Security Architecture, Endpoint/Device Security, Endpoint/Device Security, Threat Management, Malware, Endpoint/Device Security, Endpoint/Device Security, Endpoint/Device Security

Federally funded Unimax smartphone pre-loaded with malware

The Unimax UMX U686CL is a Chinese-made smartphone distributed by the federally funded Assured Wireless by Virgin Mobile has been found to come pre-loaded with two malicious applications.

Malwarebytes researchers found the malware every owner finds on their phone is Wireless Update and amazingly the device’s own Settings app, neither of which can be removed from the phone or it will not operate properly.

Nathan Collier, Malwarebytes senior malware intelligence analyst, said settings functions as a heavily obfuscated trojan dropper detected as Android/Trojan.Dropper.Agent.UMX. After being installed one of the first pieces of malware dropped is HiddenAds.

The Malwarebytes team was able to witness this first-hand as the UMX U686CL it bought as a test bed was soon infected with HiddenAd adware. Malwarebytes reported the adware runs silently in the background, creates no icon and the only way to tell it is functioning is through device’s notifications bar area. Unlike a typical notification, it cannot be turned off or removed by swiping, instead an uninstall process must be undertaken.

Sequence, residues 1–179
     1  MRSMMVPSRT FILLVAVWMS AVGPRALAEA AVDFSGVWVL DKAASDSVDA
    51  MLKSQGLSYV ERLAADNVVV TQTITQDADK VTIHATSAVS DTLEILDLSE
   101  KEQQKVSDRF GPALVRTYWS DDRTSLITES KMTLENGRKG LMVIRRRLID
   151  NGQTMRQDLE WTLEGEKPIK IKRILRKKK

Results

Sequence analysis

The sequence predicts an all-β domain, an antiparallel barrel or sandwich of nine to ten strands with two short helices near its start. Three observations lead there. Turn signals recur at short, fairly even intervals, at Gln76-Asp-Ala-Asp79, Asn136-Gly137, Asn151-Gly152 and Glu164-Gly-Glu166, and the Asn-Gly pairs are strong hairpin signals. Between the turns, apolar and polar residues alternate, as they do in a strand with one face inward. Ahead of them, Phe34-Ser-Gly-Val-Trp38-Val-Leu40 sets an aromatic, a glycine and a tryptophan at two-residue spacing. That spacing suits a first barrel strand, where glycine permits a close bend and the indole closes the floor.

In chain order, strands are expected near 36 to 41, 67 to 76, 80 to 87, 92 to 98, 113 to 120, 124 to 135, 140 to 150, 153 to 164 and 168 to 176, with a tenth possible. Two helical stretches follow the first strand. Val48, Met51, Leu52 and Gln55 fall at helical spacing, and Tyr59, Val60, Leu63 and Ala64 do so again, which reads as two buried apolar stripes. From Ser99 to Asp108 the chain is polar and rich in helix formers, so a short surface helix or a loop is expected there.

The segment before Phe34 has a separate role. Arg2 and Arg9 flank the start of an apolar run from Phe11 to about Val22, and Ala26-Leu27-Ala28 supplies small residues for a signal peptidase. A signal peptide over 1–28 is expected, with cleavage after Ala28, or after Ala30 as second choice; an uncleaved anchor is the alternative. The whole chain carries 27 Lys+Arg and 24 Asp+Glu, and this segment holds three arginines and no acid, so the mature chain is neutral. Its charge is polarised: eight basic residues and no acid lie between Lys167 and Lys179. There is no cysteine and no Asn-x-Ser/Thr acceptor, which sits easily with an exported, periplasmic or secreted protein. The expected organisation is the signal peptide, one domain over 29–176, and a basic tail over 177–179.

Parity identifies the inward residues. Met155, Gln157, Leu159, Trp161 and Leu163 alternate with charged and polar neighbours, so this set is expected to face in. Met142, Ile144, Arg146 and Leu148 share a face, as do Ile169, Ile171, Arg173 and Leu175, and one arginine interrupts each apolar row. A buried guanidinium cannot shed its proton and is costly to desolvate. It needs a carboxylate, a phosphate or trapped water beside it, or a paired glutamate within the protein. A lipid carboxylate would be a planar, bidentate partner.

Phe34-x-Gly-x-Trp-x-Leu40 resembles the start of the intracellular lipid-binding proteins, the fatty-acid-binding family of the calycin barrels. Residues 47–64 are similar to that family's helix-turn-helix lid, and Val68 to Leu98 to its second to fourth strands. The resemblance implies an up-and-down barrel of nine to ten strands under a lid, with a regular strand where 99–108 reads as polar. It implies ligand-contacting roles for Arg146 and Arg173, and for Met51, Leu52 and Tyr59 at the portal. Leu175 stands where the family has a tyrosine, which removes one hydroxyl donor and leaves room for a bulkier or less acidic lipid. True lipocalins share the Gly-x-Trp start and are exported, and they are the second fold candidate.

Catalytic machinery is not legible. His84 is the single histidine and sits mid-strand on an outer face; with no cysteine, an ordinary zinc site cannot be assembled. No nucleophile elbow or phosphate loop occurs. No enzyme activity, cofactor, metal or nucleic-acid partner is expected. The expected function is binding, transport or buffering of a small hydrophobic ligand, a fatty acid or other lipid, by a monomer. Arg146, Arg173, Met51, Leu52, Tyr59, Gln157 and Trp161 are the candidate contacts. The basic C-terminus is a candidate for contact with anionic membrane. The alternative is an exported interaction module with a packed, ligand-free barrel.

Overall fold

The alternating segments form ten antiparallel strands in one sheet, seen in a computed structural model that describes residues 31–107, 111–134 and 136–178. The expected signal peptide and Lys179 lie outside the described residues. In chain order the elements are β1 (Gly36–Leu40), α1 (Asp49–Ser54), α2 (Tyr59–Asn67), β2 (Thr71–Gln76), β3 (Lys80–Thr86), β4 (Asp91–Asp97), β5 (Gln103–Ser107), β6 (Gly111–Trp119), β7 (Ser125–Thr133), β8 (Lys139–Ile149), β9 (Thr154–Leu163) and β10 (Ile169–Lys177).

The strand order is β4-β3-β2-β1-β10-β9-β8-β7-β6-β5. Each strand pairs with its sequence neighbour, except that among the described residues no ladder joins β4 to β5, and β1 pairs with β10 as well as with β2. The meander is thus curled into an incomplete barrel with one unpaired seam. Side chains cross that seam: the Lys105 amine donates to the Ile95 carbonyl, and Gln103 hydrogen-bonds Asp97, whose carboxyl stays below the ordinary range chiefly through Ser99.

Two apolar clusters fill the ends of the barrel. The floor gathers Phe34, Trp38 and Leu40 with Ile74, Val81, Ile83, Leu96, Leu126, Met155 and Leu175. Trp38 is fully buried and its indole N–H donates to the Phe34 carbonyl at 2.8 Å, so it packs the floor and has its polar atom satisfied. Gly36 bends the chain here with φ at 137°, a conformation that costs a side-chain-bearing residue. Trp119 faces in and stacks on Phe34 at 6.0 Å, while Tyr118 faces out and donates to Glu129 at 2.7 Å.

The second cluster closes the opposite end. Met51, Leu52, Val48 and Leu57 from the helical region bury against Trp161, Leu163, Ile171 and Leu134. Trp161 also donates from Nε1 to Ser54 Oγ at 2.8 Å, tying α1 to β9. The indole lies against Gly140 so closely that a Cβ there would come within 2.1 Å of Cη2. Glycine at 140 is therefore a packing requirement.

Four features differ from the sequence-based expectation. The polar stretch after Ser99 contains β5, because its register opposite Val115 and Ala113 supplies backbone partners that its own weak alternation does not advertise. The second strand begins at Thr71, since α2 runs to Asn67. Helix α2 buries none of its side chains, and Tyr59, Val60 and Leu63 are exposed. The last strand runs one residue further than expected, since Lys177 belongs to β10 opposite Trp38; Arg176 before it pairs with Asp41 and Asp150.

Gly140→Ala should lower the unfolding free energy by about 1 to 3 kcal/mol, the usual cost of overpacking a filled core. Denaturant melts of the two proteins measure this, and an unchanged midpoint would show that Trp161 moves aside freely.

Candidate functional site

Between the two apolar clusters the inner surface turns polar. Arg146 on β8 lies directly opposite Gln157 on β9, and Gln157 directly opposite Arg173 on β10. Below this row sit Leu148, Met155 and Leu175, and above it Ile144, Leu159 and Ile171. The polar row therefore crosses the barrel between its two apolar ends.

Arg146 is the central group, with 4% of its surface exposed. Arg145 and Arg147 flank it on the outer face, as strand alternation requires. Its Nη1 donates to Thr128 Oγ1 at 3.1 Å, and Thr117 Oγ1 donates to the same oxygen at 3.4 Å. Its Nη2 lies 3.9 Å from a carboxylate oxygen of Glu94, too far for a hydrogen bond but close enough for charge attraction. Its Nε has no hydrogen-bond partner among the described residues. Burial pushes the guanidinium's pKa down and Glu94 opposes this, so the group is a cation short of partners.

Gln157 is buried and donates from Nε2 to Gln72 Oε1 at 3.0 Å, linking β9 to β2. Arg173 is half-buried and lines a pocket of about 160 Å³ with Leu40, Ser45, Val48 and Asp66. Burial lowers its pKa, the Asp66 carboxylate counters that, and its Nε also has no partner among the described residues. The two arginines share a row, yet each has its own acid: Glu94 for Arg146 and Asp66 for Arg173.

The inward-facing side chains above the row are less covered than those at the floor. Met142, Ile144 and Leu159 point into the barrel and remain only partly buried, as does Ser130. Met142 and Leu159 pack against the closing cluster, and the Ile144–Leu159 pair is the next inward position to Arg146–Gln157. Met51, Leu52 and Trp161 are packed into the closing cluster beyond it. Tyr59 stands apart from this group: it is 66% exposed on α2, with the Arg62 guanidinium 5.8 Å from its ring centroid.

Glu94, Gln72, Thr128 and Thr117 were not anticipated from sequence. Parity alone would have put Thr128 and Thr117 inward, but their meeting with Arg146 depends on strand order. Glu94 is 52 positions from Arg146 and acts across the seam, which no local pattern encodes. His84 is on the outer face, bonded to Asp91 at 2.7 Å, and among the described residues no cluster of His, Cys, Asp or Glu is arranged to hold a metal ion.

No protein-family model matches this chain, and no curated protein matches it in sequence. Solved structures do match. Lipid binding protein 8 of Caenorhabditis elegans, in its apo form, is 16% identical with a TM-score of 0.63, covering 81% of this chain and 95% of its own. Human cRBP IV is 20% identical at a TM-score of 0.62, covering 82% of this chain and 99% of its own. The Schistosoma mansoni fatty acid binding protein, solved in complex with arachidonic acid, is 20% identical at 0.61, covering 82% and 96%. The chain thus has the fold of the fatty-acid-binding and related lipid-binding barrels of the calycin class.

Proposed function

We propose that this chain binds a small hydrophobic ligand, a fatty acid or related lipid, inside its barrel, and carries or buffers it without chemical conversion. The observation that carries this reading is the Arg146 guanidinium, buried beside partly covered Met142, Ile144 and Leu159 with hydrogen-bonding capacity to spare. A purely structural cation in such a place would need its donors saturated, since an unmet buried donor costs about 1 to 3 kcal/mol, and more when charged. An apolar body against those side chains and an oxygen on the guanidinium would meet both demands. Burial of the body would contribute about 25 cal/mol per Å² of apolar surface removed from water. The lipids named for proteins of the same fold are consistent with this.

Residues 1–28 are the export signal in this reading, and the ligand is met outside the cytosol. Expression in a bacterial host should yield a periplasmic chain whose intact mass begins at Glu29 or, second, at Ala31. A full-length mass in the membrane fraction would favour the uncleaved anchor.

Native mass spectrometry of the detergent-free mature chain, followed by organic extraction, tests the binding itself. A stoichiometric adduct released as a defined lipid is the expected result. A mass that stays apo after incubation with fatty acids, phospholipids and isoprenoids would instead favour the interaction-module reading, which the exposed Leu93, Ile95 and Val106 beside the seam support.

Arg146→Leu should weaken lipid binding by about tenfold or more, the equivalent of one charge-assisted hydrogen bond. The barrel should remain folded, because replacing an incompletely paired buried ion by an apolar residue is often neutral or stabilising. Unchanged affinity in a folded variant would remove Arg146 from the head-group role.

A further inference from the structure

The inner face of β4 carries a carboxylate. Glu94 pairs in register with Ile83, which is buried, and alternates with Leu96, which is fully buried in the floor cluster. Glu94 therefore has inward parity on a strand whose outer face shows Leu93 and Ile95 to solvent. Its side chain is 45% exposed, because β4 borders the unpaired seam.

“If you press and hold the notification, it will give the option to go to MORE SETTINGS. After clicking MORE SETTINGS, it will take you to the app’s notification settings. From there, press the app’s icon at the top. Lastly, it will take you to the app’s App info, where you can uninstall,” wrote Collier.

HiddenAd has been operating in the wild since spring 2019, but reports of malicious activity began climing in October 2019.

Wireless Update is the device’s primary method of receiving operating system updates, but Collier noted it also has the ability to auto-install apps without the user’s permission. Something it begins to do immediately upon activation.

Wireless Update is a variant of the previously known Adups, a Chinese company that has been caught collecting data and installing auto installers.

“While the apps it installs are initially clean and free of malware, it’s important to note that these apps are added to the device with zero notification or permission required from the user. This opens the potential for malware to unknowingly be installed in a future update to any of the apps added by Wireless Update at any time,” he said.

The most nefarious aspect of these two apps is they cannot be removed from the phone without disrupting operations. Pulling Wireless Update would halt any OS updates from being downloaded, a risk Collier said is worth taking, but Settings has to be left on board as its removal would destroy the phone.

The UMX U686CL is an entry level phone distributed by Assurance Wireless, a federally subsidized through the Universal Service Fund and only to people who qualify based on federal or state-specific eligibility criteria. This includes being on certain public assistance programs, like Medicaid, Supplemental Nutrition Assistance Program or on your household income.

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